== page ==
However, a small variation in price differences on the higher end will NOT mean a better essential oil. It will just mean a higher price. (A little birdie also told me that there are also only a handful of essential oil distilleries in the world, which means that most essential oils come from the exact same places – thus there is little difference in quality between the more “typically priced” EOs.) What I’m saying here is: Understand that you DO have to pay for quality, but that if you’re just using essential oils in non-therapeutic fashions, it’s okay to use less expensive oils (like the Beeyoutiful ones pictured at the top of this post, or NOW brand essential oils). But if you want high quality, I suggest using an ethical supplier that offers organic essential oils (grown without pesticides or toxic fertilizers).
I have a question about allergies. I am not actually allergic to any food but I have oral allergy syndrome from having hay fever. Certain fresh veggies and fruits cause burning and itching in my mouth and sometimes other worse symptoms. I can’t eat avocados. Generally when these foods are slightly cooked or overly ripe I can have them. I’ve been wondering about using essential oils with avocado oil. I’ve had weird reactions with raw almonds but not roasted. It’s so weird! I’m weary of using almond or avocado carrier oils but I like the skin benifits
“Aromatherapy grade” and “fragrance grade” means it not 100 percent pure essential oil, but has had other oils added, such as carrier oils and/or synthetic components of the natural oil. “To be considered a therapeutic oil, it must be completely free of any and all chemicals as well as slowly and carefully extracted via methods that keep the original compounds in its natural state,” says Dr. Axe. These healing scents will help you feel better.
I was diagnosed with ESOPHAGITiS!!! do you know what that is!? ULCERS all up and down your esophagus! After YEARS of prilosec and about 9 other pills prescribed by doctors, I was so sick of taking pills I was desparate enough to try ANYTHING. THANK GOD I TRIED YOUNG LIVING. I drink their oils internally (daily) along with their Ningxia Red and my chronic gut problems for YEARS are improving daily. Even my husband and children are now using this stuff due to the immediate difference they saw in me after I threw the prescribed meds away and replaced them with this stuff. Never swallowed something that harmed me yet and I already HAD the holes to start with and they are getting better and better, yet ZERO prescribed meds. I used to have chronic diahreea, chrnoic nausea, IBS and more. I was also diagnosed with leaky gut. ALL OF THESE PROBLEMS ARE GOING AWAY after my doctor (who is a TOP gastro specialist at the University of Michigan ha!) laughed at me when I told him I was giving up the prilosec and all the rest for distilled plant material. He told me I would be back on the meds in two weeks. That was MORE THAN A YEAR AGO AND I HAVE NEVER HAD TO GO FOR A RETURN VISIT WITH HIM SINCE. Burns your insides, what are you thinking???? Clearly you have never used Young Living. If you did, you would remove your ridiculous post.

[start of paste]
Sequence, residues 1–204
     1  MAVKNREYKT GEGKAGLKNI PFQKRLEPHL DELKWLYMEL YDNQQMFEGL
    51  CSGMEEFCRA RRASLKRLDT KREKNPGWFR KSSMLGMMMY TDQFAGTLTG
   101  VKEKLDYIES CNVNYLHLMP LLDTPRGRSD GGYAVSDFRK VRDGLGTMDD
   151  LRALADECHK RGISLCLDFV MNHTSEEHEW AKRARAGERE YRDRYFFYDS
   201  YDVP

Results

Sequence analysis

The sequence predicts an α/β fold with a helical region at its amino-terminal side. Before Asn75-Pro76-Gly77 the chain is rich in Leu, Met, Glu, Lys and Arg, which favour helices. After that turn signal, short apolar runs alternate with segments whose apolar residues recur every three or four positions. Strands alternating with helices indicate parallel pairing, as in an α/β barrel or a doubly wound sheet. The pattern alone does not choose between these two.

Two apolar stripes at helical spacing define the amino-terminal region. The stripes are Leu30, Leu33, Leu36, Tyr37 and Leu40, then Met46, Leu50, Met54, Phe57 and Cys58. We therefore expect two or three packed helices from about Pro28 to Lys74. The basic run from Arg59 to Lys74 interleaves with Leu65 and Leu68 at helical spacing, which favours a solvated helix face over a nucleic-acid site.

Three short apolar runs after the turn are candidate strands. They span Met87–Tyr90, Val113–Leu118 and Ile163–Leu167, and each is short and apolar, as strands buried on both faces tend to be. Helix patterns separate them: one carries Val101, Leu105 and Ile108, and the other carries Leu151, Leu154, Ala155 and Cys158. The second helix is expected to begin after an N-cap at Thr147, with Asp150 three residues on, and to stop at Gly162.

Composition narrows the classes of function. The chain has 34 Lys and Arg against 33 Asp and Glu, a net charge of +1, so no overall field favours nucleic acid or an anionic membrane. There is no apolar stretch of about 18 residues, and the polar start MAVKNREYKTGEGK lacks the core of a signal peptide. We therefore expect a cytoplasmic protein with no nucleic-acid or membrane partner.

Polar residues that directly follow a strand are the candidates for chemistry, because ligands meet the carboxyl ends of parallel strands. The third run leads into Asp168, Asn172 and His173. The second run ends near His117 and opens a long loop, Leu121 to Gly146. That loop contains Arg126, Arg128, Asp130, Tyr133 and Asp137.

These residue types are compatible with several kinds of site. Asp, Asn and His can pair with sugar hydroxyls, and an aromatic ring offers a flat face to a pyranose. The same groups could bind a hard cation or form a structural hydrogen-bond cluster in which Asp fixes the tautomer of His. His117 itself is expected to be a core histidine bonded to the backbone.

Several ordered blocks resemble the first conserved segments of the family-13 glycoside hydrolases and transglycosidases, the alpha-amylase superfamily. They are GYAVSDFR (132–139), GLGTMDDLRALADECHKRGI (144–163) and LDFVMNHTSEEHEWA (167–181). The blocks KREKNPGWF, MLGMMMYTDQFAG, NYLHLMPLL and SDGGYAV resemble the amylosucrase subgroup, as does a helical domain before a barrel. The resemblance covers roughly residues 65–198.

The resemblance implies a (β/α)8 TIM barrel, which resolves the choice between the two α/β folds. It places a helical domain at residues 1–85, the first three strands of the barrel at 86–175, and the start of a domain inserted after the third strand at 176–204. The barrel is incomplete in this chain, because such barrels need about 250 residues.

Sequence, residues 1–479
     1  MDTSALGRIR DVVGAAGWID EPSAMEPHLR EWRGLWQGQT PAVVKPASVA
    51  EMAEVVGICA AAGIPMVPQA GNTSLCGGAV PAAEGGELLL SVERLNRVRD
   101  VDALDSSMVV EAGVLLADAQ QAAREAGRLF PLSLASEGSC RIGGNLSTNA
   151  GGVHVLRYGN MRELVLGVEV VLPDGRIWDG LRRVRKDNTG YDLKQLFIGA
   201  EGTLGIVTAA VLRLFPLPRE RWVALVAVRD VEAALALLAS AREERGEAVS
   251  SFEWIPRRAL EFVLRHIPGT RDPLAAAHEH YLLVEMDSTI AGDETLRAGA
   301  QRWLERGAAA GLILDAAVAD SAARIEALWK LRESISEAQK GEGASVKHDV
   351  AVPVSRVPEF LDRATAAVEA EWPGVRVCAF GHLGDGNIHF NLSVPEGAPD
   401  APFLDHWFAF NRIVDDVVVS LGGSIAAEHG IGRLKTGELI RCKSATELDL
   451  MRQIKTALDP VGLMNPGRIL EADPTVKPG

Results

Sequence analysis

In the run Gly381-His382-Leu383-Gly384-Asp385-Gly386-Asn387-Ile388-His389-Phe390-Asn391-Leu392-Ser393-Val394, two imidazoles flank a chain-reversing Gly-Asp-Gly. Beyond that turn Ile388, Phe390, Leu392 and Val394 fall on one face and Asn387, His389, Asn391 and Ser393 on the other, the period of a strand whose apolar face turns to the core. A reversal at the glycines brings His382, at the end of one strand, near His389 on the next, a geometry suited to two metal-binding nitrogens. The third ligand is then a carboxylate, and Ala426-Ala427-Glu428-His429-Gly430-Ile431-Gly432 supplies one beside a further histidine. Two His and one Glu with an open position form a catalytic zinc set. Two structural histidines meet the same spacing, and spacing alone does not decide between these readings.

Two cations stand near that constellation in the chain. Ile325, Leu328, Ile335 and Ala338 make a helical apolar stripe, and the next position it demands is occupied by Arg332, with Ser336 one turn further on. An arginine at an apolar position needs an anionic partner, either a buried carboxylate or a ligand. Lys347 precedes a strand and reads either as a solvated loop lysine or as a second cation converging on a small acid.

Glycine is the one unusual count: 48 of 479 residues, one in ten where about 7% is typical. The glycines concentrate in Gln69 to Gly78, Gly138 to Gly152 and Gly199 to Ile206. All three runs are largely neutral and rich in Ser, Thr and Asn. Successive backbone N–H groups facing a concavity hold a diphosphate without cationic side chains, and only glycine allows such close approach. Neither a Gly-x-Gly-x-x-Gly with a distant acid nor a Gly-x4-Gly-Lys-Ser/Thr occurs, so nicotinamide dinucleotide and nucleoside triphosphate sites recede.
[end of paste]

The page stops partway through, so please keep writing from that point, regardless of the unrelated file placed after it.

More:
Thanks for the informative article on essential oils! I want to know if there are any essential oils that can be applied on my skin (face) just before my skin is exposed to direct sunlight? I know that the skin where citrus oils are applied should not be exposed to direct sunlight for few hours after application. That’s the only question that I am concerned with because I am very interested in concocting a facial oil moisturizer after reading an article of yours that is about making a “3-ingredient facial oil moisturizer”.
Words like “eco-friendly,” “pure,” “therapeutic grade,” and “certified,” are just some of the many words that you may find on a bottle of essential oil. “These phrases are devoid of scientific foundations or official regulations, yet they are frequently used to market products that cannot fulfill the producer’s promises,” says Nadine Artemis, botanical formulator and aromacologist and co-creator of Living Libations. “No organization, association, or commission monitors the purity or quality of essentials oils, and there is no universal essential oil grading systems in place. If you see these terms, beware.” Even reputable companies with quality essential oils create their own set of “standards” and “seals.” While that is not necessarily a red flag, the “seal” or “standard” stamp isn’t an industry-wide seal of approval from any governing commission.
One of my biggest frustrations of late has been a MLM company, I won’t name names and start a whole “thing”, but they state that they have a patent on “certified therapeutic grade”. In actuality, if you research the information, the only thing that is patented, is the logo that states “certified therapeutic grade”. It has nothing to do with the actual product, just the advertising.
Taken by mouth, many essential oils can be dangerous in high concentrations. Typical effects begin with a burning feeling, followed by salivation. In the stomach, the effect is carminative, relaxing the gastric sphincter and encouraging eructation (belching). Further down the gut, the effect typically is antispasmodic. Typical ingredients for such applications include eucalyptus oils, menthol, capsaicin, anise, and camphor.